President Obama’s nomination of Judge Merrick Garland to fill Scalia’s seat would have shifted the court significantly, with Justice Stephen Breyer or Garland himself becoming the ideological center of the court. Garland — a well-regarded, well-liked DC lawyer with a long history in the nation’s capital — appeared, in many ways, to be the Democrats’ John Roberts, an institutionalist with views largely in alignment with his party.

That was enough, though, to stymie his nomination. Republicans in the Senate refused to proceed in considering the pick, leading to a third phase at the court: accepting eight.

Of the cases decided by the Supreme Court in the time in between Scalia’s death and Trump's election, Chief Justice John Roberts and Kennedy voted the same way on all but eight cases. There was no justice with whom Roberts agreed more in that time than Kennedy.

What’s more, five of the cases in which Roberts and Kennedy split featured non-ideological lineups. In other words, only in three cases did Roberts and Kennedy part ways in cases that had ideological results. In all three — involving judicial recusal, affirmative action, and abortion — Kennedy joined the more liberal justices to give the liberal side a win. In many cases, moreover, Justices Clarence Thomas and Samuel Alito were left alone dissenting.

Roberts pairing up with Kennedy whenever he found it possible to do so had a very specific result on the eight-justice court: Either the result was a broad vote for the outcome with 6 or more justices in the majority — meaning that Roberts got to decide who would write the court’s opinion — or the result was a split 4–4 court — meaning the lower decision stood, generally the best-case scenario for the conservatives during this time. (There was one case where this didn’t happen: Breyer joined the conservatives in a Fourth Amendment case, giving conservatives their sole 5–3 win on the eight-justice court.)

These kind of shifts aren’t accidental.

Over the summer, when it appeared Hillary Clinton would be elected president, Breyer joined the conservatives in allowing a stay to be issued in a transgender student’s case with a fairly transparent aim of getting conservatives to grant similar “courtesy” fifth votes for stays where the liberals wished to be hearing cases — specifically, death penalty cases. Notably on Nov. 3, Roberts gave such a “courtesy” vote for a stay in a death penalty case out of Alabama — halting Tommy Arthur's scheduled execution.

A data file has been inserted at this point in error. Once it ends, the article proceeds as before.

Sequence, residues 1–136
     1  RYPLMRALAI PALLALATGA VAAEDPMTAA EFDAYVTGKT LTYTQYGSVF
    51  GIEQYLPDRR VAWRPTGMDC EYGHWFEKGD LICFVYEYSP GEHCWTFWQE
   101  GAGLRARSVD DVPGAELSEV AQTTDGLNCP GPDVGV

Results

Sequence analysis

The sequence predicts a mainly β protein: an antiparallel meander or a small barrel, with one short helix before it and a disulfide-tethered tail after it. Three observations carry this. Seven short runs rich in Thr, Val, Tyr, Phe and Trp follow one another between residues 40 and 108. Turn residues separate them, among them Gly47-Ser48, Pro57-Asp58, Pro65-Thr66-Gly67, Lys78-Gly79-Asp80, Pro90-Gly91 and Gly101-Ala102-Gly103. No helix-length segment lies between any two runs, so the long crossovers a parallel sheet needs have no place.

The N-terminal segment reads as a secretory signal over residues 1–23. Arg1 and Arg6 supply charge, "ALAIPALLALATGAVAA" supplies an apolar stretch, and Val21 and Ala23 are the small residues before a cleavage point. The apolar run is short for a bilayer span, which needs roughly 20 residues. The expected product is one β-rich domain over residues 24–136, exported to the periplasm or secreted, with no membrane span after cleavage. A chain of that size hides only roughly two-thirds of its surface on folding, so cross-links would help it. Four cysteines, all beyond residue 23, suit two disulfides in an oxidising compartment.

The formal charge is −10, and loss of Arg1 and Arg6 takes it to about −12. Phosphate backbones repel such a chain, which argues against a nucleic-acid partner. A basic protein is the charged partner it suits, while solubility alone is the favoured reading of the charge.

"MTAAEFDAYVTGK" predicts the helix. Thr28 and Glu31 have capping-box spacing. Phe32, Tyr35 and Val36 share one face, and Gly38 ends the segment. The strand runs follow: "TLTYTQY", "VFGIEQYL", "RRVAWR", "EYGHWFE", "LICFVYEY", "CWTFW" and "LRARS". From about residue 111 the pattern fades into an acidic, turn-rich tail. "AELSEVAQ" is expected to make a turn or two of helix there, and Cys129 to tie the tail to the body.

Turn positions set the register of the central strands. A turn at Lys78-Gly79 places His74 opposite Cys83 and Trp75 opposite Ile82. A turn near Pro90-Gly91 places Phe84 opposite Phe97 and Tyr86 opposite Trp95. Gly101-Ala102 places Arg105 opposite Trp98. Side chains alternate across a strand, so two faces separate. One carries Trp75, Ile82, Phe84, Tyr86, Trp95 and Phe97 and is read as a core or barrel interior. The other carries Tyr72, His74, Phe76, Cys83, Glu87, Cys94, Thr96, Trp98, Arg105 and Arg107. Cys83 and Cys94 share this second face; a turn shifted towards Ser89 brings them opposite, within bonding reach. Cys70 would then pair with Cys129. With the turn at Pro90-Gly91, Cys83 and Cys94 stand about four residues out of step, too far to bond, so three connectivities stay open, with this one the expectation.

A liberal court was on its way, and Roberts — preparing to be a chief justice in the minority — was making moves to try and keep some sort of command, even if by acquiescence, over his court. Then Election Day happened, and everything changed again.

Far from a coming liberal court, the end result likely will be a court that returns, by and large, to the way it was before Scalia’s death — with Kennedy playing his continued role as the key vote in many cases.

The fact that Trump publicized his list of 21 possible Supreme Court nominees long before the election, and the fact that he apparently is adhering to it in his selection process, means that the justices have some idea of who likely will be joining them later this year.

In December, a signal of this new phase was seen when the court, on a 4–4 vote, allowed the execution of Ronald Smith Jr. in Alabama to proceed. The chief justice, unlike a month earlier, did not provide any “courtesy” fifth vote, and Smith was executed later that night. None of the justices wrote anything regarding those decisions, so there is no clear explanation for the votes.

It was, at the least, clear that Roberts no longer felt it necessary to defer to the wishes of the liberal side of the court.